A functional life

I live a functional life. I pay my bills on time. I think of taxes and investments – odious things until a few years ago. Now, they’re just routine. I plan purchases like a battle. Well, not entirely. I am still learning but I have come a long way since I never used to plan anything! I try not to think too deeply about what I am doing right now. Partly because it pays the bills and partly because that way lies madness. Some days a restlessness overcomes me and I wait until it passes. I get up and write poetry at 2.20 am and I still think of the title of my perpetually-in-progress poetry collection.


I met M after ages and it’s wonderful because we had so much to say to each other. She no longer lives in the city but that is not the problem. I fell off the radar – or rather we fell off each other’s radars. Lots of things come into perspective when she asks those piercing questions of hers; I am always left a bit shocked. Shocked out of my complacence that is. I need to think long and deep about her questions because they are like facing a mirror and seeing the naked truth. I see all that is wrong stare back at me. Once she asked me, ‘So what is holding you back?’ That was like many years ago. I am still figuring out the answer to that question. So on this trip, she was talking about our ‘functional life.’ On the face of it, we are leading our respective functional lives. But underneath there is this profound dissatisfaction with the way our lives have turned out. Not something we expected that is. I thought I’d be out of here (read take off from planet Earth) by 27. So I suppose this is an improvement. (Or not, depending on your perspective.) She was saying that a functional life is all that is possible right now because she doesn’t have the energy or inclination to pursue more. I agree. But something rankles me anyway. I still have that dangerous thing called hope gnawing at my heels. I still think we can make our ‘functional lives’ out of the ordinary. I still think we can get out. And live. That is really scary. I don’t know how but I think it is possible. Even though the days blur by, even though there are bills to be paid and deadlines to be met and duties to be attended to, we can still build our non-functional extraordinary lives.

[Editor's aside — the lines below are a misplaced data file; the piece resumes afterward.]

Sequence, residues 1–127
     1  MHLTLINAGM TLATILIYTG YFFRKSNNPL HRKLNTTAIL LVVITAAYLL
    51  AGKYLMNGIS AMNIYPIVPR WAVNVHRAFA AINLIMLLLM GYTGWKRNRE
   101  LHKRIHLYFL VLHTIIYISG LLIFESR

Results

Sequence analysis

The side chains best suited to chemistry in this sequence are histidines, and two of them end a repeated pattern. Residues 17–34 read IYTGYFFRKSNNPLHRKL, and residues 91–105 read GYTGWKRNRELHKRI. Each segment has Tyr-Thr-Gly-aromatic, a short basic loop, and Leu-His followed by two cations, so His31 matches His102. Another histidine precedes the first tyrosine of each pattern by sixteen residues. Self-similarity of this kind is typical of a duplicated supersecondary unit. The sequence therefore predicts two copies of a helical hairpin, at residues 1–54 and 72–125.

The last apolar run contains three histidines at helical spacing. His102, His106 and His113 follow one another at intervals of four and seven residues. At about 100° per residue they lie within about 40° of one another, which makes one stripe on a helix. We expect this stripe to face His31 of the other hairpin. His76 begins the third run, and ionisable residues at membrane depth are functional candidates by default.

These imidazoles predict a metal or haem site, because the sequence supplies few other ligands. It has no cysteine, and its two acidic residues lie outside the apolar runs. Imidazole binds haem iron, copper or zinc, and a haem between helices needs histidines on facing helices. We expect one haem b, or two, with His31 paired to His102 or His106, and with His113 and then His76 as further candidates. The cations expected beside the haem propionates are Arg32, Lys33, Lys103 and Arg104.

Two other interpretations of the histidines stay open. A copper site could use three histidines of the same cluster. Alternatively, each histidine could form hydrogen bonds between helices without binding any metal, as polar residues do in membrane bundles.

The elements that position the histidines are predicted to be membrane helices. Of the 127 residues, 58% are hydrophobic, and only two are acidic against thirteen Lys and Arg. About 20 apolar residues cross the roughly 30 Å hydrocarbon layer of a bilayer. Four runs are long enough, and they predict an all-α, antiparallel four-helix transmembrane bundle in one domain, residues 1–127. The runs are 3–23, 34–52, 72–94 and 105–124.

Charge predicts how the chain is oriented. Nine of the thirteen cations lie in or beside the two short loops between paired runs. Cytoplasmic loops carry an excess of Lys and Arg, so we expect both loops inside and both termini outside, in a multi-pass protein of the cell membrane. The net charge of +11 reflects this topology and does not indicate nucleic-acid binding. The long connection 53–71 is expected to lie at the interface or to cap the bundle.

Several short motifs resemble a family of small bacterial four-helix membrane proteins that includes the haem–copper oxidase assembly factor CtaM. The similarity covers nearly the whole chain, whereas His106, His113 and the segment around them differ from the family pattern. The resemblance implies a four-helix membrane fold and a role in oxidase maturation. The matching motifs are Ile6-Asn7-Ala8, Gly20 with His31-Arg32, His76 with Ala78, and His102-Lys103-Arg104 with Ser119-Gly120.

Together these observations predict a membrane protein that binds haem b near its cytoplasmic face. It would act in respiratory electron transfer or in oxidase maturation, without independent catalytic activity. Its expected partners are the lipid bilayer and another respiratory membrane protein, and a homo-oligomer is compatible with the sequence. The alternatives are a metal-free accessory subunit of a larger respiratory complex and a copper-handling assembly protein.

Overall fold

2 thoughts on “A functional life

  1. All of us lead pretty functional lives! I feel that I’m passed that age when I thought that the world was my oyester. Now i just plod along because I’ve realized one thing – if I haven’t yet figured out what extraordinariness I want myself to achieve, I never will. 🙂

    1. Hey Rita, I know what you mean! I’d like to think that we need to search for our extraordinariness and it will find us. Sounds rather new-agey, I am aware.

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